The experiment was carried out in a 10m x 25m greenhouse covered with low density transparent polyethylene (PE), located in the Experimental Field of the Crop Production Department of the Federal University of Santa Maria, RS, Brazil (29°41' S latitude. 53°48' W longitude, and 95m altitude). Four 6m x 4m plots were mulched with 100µm thickness PE sheets, from 12/17/92 to 03/07/93. Additional four plots (same size) without covering were used as controls (bare soil). Soil moisture was kept near field capacity in ali plots. The greenhouse was kept constantiy opened.

Soil temperature was measured throughout the experiment, by means of mercury column glass thermometers, in one replication of nonmulched and covered soil, in the center of the greenhouse. Daily measurements were taken at 9h, 15h30min, 16h, 18h, and 21 h, local time, at 2, 5, 10, and 20cm depth. Afternoon measurements corresponded to the time of maximum temperature for 2, 5, 10, and 20cm, respectively.

The results in Table 1 shows that maximum temperature of solarized soil was, on the average, 11.9°C, 10.8°C, 9.8°C, and 8.6°C higher than bare soil at 2, 5, 10, and 20cm depth, respectively. The raise in solarized soil temperature is due to a decrease in sensible and latent heat fluxes leading, consequentely, to an increase in soil heat flux. Furthermore, the greenhouse effect caused by the transparent plastic covering the moistened soil, contribute to this effect (MAHRER, 1979; SCHNEIDER et al., 1993).

 

 

As can be noted in the data in Table 1, soil temperature achieved absolute values of up to 54.4°C and 50.2°C at 2 and 5cm depth, respectively. Temperatures exceeding 45°C and 50°C in solarized soil have also occured in several days. Temperatures over 42°C were not observed in bare soil at the depths measured in the experiment. The LD90 for verticillium dahliae colected from soil in fiel capacity moisture was achieved in a 120 minutes exposure at a temperature of 45°C, while the LD90 for Rhizoctonia solani in PDA medium was 190 minutes. At 50°C, the exposition time was 10 minutes for both soilborne pathogens (PULLMAN et al.. 1981).

The preliminary results obtained in this experiment allows the inference that solarization is a promising method for the Central Region of the Rio Grande do Sul state and is a reasonable approach to be investigated. Many cloudy days were observed during the 1992/93 summer, and the experiment will be repeated in the next years. The effects of soil solarization on tomato crop and some soilborne pathogens will further be evaluated.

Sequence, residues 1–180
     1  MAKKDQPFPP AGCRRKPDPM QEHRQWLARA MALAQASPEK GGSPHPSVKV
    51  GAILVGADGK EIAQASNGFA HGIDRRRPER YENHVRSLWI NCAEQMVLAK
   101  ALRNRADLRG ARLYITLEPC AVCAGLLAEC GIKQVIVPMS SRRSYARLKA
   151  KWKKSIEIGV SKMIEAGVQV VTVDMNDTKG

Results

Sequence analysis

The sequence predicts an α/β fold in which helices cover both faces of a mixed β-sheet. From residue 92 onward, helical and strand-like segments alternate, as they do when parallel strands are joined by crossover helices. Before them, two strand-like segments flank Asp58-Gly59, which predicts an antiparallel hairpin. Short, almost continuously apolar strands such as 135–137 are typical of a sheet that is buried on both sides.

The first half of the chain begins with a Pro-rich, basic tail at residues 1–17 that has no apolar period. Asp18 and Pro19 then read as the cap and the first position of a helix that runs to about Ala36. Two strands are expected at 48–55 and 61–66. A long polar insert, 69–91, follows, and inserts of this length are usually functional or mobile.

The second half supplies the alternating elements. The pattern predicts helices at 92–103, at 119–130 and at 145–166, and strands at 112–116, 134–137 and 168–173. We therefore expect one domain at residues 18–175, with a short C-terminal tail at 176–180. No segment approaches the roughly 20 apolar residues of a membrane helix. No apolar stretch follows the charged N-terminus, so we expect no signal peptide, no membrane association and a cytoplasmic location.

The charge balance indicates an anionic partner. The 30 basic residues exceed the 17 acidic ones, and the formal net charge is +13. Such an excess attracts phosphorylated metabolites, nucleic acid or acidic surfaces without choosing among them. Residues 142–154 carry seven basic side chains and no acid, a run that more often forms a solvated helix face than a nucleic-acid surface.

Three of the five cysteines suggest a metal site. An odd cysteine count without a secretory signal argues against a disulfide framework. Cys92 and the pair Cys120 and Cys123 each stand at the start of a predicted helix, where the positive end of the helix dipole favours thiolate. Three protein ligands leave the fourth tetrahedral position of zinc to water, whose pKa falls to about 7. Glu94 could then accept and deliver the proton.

ACKNOWLEDGEMENTS

KATAN, J., GREENBERGER, A., ALON, H., et al. Solar heating by polyethylene mulching for control of diseases caused by soilborne pathogens. Phytopathology, St Paul, v.66, p. 683-688, 1976.         [ Links ]

MAHER, Y. Prediction of soil temperature of a soil mulched with transparent polyethylene. Journal of Apllied Meteorology, Boston, V. 18, p. 1263-1267, 1979.         [ Links ]

PULLMAN, G.S., DEVAY, J.E., GARBER, R.H. soil solarization and thermal death: a logaritmic relantionship between time and temperature for four soilborne pathogens. Phytopathology, St Paul, v. 71, n. 9, p. 959-964, 1981.         [ Links ]

SCHNEIDER, F.M., STRECK, N.A., BURIOL, G.A. Modificações físicas causadas pela solarização do solo. Revista Brasileira de Agrometeorologia, Santa Maria, v. 1, n. 1, p. 149-157, 1993.         [ Links ]

TOUSSON, T.A., BEGA, R.V., NELSON, P.E. Root diseases and borne pathogens. Phytopathology, St Paul, v. 66, p. 683-688, soilborne pathogens. Berkley and Los Angeles: University of Califórnia Press, 1970. 252 p.         [ Links ]

 

 

1Agronomist, Graduate Student - Curso de Pós-Graduação em Agronomia, Centro de Ciências Rurais (CCR), Universidade Federal de Santa Maria (UFSM). 97119-900 - Santa Maria, RS, Brasil. CNPq Fellowship.

2Agronomist, Full Professor of the Departamento de Fitotecnia, CCR, UFSM. CNPq Fellowship.